North Korea's leader, Kim Jong Un, called an emergency meeting after imposing total lockdown measures on the city of Kaesong when a person there was found with suspected coronavirus symptoms, state media reported Sunday.
It would be the first publicly reported confirmed case in the secretive communist state if the person tests positive. North Korea has repeatedly said it is free of the virus, a claim questioned by outside experts.
At the meeting, Kim called the moment "a critical situation in which the vicious virus could be said to have entered the country," the North's official Korean Central News Agency reported.
The lockdown in Kaesong, a city with an estimated population of 200,000 just north of the heavily fortified border with South Korea, began Friday afternoon, KCNA reported.
The suspected virus patient is a runaway who fled to South Korea three years ago before illegally crossing the border into the North early last week, the agency added.
An outbreak in North Korea could cause dire consequences because of its fragile public health care infrastructure and chronic lack of medical supplies, experts have warned.
Across the border, China reported 46 new COVID-19 cases Sunday, the highest daily tally in more than a month. The number of confirmed virus cases worldwide topped 16 million Sunday, according to Johns Hopkins University data. The U.S. leads the count with 4.1 million, followed by 2.3 million cases in Brazil and 1.3 million in India.
Elsewhere, Europe, which has slowly reopened its borders after months of strict lockdowns across the continent, fears new hot spots as summer vacationers begin to travel.
Some of Spain's summer venues, including nightclubs, bars and beaches, are facing new restrictions. The northeast region of Catalonia is home to two virus hot spots, prompting authorities in Barcelona to tighten restrictions that were relaxed only a month ago.
Taking vacationers by surprise — including British Transport Secretary Grant Shapps — the U.K.'s government announced Saturday that travelers arriving in the U.K. from Spain must now quarantine for 14 days.
The abrupt decision came after Spain reported over 900 new daily infections Thursday and Friday.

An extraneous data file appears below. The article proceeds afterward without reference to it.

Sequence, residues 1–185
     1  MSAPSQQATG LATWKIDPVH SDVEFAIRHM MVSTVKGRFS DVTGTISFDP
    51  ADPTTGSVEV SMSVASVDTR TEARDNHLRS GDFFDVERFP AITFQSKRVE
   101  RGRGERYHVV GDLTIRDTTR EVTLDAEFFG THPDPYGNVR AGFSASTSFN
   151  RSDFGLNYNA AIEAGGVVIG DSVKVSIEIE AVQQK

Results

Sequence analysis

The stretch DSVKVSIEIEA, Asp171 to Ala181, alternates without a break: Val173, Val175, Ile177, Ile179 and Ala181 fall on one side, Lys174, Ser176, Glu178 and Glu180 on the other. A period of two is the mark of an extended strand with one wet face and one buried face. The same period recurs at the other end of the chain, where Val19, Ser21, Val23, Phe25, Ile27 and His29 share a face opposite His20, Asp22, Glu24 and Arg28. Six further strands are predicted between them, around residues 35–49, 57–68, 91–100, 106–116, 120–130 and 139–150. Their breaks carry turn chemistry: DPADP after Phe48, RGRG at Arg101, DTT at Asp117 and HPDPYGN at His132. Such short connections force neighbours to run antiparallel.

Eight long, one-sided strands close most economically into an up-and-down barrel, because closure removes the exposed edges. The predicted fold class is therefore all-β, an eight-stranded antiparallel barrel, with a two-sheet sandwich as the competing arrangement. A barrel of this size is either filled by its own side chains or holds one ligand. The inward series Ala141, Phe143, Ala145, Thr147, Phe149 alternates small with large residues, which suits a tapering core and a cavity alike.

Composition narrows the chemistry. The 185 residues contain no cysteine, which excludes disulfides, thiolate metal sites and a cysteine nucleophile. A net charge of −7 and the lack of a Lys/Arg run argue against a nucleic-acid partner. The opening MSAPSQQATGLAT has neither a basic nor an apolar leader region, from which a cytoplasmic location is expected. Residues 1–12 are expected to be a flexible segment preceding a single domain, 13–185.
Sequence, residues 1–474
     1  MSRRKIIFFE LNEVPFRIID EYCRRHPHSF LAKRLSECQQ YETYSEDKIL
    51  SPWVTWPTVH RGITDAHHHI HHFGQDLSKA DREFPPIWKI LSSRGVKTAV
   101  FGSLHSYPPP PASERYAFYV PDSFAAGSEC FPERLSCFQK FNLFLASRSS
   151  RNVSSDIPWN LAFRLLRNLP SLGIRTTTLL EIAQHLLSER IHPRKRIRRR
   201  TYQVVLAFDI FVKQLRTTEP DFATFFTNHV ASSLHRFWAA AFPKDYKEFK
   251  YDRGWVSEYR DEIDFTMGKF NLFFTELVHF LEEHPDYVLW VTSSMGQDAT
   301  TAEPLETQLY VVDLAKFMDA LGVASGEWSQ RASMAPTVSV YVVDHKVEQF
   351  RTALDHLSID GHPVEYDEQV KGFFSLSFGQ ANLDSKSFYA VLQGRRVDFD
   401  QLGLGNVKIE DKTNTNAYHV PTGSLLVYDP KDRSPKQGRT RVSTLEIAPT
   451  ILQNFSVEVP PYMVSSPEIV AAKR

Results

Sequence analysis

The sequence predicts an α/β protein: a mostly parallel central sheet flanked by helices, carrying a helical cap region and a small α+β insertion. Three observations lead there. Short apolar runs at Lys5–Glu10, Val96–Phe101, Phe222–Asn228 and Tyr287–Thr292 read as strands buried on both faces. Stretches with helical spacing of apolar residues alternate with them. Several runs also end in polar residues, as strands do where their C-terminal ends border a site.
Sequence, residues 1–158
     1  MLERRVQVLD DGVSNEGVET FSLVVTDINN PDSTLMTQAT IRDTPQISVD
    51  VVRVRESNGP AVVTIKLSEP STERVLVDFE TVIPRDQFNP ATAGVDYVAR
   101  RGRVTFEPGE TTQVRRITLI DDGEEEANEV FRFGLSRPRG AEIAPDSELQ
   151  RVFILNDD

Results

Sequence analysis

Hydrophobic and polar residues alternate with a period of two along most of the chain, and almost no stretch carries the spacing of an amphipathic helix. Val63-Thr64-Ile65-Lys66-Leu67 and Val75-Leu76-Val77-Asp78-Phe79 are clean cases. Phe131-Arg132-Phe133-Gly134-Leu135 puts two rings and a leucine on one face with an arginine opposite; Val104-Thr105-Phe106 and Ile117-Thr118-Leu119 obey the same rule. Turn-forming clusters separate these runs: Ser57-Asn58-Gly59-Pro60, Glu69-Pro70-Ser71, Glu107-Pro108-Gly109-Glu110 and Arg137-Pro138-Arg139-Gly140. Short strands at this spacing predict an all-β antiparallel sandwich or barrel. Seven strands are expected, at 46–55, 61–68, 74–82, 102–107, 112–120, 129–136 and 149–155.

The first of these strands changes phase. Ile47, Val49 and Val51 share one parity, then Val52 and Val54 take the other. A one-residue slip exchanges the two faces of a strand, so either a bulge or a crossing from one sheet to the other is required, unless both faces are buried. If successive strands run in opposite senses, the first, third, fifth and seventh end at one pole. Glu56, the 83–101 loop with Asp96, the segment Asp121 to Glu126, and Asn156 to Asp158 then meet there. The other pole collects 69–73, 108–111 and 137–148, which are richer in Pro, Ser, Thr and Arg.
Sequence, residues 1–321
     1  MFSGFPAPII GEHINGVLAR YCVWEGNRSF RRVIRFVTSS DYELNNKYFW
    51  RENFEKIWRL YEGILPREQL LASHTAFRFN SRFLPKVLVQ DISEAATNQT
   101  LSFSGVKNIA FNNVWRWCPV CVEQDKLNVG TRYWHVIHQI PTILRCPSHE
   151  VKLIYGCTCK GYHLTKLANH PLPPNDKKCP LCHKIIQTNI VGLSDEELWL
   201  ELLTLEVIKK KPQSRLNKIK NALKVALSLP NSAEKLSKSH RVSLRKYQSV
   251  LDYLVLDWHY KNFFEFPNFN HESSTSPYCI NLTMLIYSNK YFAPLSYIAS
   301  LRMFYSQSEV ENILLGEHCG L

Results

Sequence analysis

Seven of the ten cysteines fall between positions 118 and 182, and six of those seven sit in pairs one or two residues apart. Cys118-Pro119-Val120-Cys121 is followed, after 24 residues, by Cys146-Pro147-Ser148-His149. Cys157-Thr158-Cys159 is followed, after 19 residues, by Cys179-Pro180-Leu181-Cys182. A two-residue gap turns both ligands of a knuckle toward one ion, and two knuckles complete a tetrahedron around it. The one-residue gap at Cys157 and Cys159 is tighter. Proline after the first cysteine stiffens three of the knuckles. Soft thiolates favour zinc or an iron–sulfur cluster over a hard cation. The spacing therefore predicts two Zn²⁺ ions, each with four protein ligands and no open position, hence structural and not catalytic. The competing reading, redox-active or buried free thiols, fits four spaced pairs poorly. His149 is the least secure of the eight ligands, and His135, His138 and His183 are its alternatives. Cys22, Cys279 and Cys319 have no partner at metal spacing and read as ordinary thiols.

Coronavirus infections in France have also crept up, with over 1,000 news cases recorded both Friday and Saturday. Health authorities warned that the country is going backward in its battle against the pandemic, which has killed more than 30,000 people in the country.
"We have thus erased much of the progress that we'd achieved in the first weeks of lockdown-easing," health authorities said, adding that the French appear to be letting down their guard during their summer vacations.
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German authorities, by contrast, were confident enough to send a cruise ship out to sea with 1,200 passengers for a weekend test of how the cruise industry could begin to resume.
Occupancy was limited to 60 percent so passengers could keep their distance from one another, but even that level was not reached.
However, in other parts of the world, the pandemic still appeared to have the upper hand.
Vietnam reimposed restrictions Sunday in one of its most popular summer beach destinations in Da Nang after a second person tested positive for COVID-19. It was the first locally transmitted cases in the country in over three months.
South Africa also reported more than 12,000 new confirmed cases Saturday, according to the Africa Centers for Disease Control and Prevention, as the total reached 434,200, with 6,655 deaths. The country makes up well over half the confirmed cases on the African continent.
In the United States, Texas — which has been struggling with the virus — was hit by Tropical Storm Hanna, which could make tackling its outbreak more difficult.
Australia's Victoria state recorded 10 deaths overnight from COVID-19, its highest daily toll amid a surge in cases. There were 459 new infections, the 21st straight day of triple-figure increases.